(Natural News) The U.S. Attorney for North Carolina’s Eastern District has launched an investigation into alleged GenX contamination at the Fayetteville Works. The feds have served subpoenas to DuPont and its Chemours spinoff. They are also seeking information from the state Department of Environmental Quality (DEQ).
Chemours indicated in its 2017 annual report released in February that it is cooperating with regulators at the federal, state, and local level as well as reponding to subpoenas from three federal grand juries. Several class action lawsuits have also been filed in the situation.
StarNewsOnline explains the background on this controversy.
A sprawling facility about 100 miles up the Cape Fear River from Wilmington, Fayetteville Works was the property of DuPont until 2015, when it created Chemours as a separate company. Since then, Chemours has owned the industrial site and chemical manufacturing lines blamed for contamination by GenX and related substances in the river, downstream drinking water, nearby private wells and the air.
The Cape Fear River provides much of the drinking water for southeastern North Carolina. According to the News&Observer, North Carolina officials suspect that the facility secretly dumped GenX into the river for many years. In addition to the DEQ, agencies participating in the probe include the EPA, the Cape Fear Public Utility Authority, and North Carolina’s Bureau of Investigation.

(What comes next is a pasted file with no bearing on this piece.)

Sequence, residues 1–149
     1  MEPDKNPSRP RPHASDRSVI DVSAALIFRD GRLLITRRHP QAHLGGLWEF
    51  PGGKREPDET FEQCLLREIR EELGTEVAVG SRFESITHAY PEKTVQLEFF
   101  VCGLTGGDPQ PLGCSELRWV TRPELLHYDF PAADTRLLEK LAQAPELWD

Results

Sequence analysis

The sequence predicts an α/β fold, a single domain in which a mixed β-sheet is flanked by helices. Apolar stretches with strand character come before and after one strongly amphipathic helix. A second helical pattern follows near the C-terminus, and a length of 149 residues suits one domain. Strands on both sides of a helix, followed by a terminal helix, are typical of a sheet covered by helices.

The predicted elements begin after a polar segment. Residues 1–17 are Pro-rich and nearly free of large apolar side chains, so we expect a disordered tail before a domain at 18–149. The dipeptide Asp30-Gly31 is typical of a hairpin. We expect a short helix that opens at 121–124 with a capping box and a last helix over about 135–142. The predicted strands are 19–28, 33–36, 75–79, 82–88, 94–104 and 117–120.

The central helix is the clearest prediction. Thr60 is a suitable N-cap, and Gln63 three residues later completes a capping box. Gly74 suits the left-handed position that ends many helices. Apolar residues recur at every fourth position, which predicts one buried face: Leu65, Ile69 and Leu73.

GenX (which has nothing whatsoever to do with the Generation X demographic cohort) is a compound used in the manufacture of nonstick cookware such as Teflon. Although intended to replace PFOA or PFOS, the chemical process has reportedly been identified as a carcinogen in several animal studies. Its exact effects on humans have yet to be determined, however as Natural News previously explained.
Tests conducted by Chemours itself have reportedly revealed that approximately two-thirds of the wells in the area near the plant tested positive for GenX and one-third of them allegedly contained unsafe levels of the chemical. Last November, the DEQ pulled Chemours’ permit to discharge wastewater into the Cape Fear River.
Legislation is pending in the state legislature to address the GenX pollution issue, although it is subject to partisan squabbling over its funding mechanism and other concerns. (Read more about water pollution-related developments at WaterWars.news.)
Chemours is complying with an EPA request to test water for GenX in Ohio and West Virginia. “The tests are occurring within the same waterways that had been polluted during past decades by a carcinogenic GenX precursor chemical, called PFOA,” DelawareOnline explained.
Check Pollution.news for further news on the GenX pollution controversy.